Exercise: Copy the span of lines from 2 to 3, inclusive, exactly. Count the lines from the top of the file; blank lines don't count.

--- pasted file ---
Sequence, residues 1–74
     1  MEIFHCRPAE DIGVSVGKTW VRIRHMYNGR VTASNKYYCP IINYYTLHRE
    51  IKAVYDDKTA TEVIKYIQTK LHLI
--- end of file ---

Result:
     1  MEIFHCRPAE DIGVSVGKTW VRIRHMYNGR VTASNKYYCP IINYYTLHRE
    51  IKAVYDDKTA TEVIKYIQTK LHLI